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Advertising dietary supplements in Poland will incur a new tax under proposals from the country's Ministry of Health. While the government claims the motivation is to promote healthy eating choices, industry says supplements have been unfairly linked to poor dietary choices without evidence.

 

Polish_Industry_Fighting_Against_Advertising

Poland’s consumer healthcare industry association, PASMI, is fighting back against a government move to introduce a tax on all dietary supplement advertising in the country.

The trade group told a recent meeting to discuss the proposal – first tabled in December last year – that an additional tax on dietary supplements was discriminatory against the industry.

Poland’s Ministry of Health on 20 December proposed a bill with the stated goal of promoting healthy consumer choices which seeks to levy an additional tax on selected products: drinks with added sugar and other sweeteners, certain alcoholic beverages, and dietary supplements.

The bill stipulates that creative agencies would be hit with an additional 10% tax for each dietary supplement advertisement produced. These funds will then be transferred to the National Health Fund to finance healthcare services.

Poland’s Ministry of Health wants to roll out the new tax from 1 April 2020.

According to the Ministry, it is concerned that Polish consumers are increasingly using dietary supplements as a substitute for a varied diet. The widespread availability of dietary supplements, combined with the “ubiquitous and intense advertising encouraging their consumption,” had convinced Poles that such products were necessary for maintaining good health, the Ministry claimed.

The government noted sales dietary supplements reached PLN5.4bn ($1.4bn) in 2018, with turnover expected to advance by around 5% year-on-year until 2024.

While it was difficult to determine the amount being spent by companies on supplement advertising, the Ministry said that the number of TV commercials for “health products and medicines” had increased by 20-times between 1997 and 2015. It believes the new advertising tax will generate at least PLN50m annually.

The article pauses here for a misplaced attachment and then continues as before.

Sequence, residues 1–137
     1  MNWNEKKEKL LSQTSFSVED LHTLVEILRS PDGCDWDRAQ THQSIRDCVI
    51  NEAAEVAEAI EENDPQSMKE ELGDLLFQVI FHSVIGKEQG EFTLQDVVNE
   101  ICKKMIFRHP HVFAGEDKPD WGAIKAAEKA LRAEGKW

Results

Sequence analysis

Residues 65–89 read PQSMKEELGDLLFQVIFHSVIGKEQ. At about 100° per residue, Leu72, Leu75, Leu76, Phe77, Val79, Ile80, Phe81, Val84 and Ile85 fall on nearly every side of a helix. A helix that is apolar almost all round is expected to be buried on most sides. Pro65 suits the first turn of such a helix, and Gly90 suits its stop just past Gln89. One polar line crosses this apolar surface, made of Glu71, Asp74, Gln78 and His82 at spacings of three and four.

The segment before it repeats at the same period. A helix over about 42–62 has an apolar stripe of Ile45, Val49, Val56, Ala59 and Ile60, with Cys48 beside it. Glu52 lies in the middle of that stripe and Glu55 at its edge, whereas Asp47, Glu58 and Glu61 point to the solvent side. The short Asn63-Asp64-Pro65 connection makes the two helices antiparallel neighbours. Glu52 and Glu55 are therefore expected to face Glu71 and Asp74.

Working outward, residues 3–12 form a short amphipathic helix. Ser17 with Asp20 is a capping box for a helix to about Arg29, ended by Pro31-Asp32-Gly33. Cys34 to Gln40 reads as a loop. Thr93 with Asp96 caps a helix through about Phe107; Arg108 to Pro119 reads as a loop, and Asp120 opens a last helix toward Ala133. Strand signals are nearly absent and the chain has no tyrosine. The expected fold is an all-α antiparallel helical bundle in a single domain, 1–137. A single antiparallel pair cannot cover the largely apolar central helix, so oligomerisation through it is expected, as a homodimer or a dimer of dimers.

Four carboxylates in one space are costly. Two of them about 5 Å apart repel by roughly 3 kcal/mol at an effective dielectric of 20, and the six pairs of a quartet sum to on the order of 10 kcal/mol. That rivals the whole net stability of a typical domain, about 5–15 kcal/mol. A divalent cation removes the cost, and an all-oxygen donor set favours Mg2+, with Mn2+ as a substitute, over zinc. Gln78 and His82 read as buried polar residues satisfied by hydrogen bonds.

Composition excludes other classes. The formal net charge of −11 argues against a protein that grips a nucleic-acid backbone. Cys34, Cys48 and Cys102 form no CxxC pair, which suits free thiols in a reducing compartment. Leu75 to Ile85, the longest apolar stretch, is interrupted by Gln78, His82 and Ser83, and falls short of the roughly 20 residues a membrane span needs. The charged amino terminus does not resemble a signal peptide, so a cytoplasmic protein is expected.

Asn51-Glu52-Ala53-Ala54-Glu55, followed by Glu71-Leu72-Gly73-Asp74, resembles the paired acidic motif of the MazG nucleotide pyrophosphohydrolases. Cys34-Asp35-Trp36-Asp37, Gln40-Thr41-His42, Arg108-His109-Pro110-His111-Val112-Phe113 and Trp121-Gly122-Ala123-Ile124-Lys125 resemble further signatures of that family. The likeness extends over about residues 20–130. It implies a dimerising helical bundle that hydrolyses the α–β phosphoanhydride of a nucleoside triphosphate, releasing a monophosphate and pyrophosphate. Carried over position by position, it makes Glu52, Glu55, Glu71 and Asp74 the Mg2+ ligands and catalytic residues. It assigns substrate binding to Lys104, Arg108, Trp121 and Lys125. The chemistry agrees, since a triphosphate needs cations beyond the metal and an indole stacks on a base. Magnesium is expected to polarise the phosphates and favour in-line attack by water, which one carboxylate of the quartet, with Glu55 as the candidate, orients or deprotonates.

Decision Not Evidence-Based
Commenting on the proposal, PASMI president Ewa Jankowska said the government would not achieve its stated aim of promoting healthy choices by stigmatising dietary supplements. The bill conflated the use of dietary supplements with an unhealthy diet, similar to the consumption of sugary drinks, she pointed out, without the production of any evidence by the ministry of the products’ negative impact on health.

Levying an additional tax on supplements would negatively impact the industry, with small and medium sized businesses expected to be particularly affected, she noted. “The bill introducing a tax on dietary supplement advertising is strictly fiscal in nature,” Jankowska insisted, “and aimed at contributing to the state budget.”

Echoing PASMI, Konfederacji Lewiatan – an organisation representing the interests of Polish businesses – said the Ministry’s proposed dietary supplement tax was purely fiscal and motivated by a desire to bolster the health budget.

Contrary to the Ministry’s aim, groups that relied on supplements for additional vitamins and minerals – such as pregnant women and those with weakened immune systems – were likely to experience a deterioration in their health if an additional tax made the products unaffordable to them, the organization argued.

Supplements Only For The Rich
“Supplements will be less available, they will become elite products, available only to the rich,” Konfederacji Lewiatan said.

Polish sustainable development foundation Instytut Staszica also rejected the Ministry’s claim that its bill supported healthy eating choices, “because it does not contain solutions that promote such choices, but only taxes a narrow section of products recognized by officials as negatively affecting the health of Poles.”

Instytut Staszica is calling on the government to consult more widely on its proposals and to seek the opinions of experts, business organizations and trade unions.

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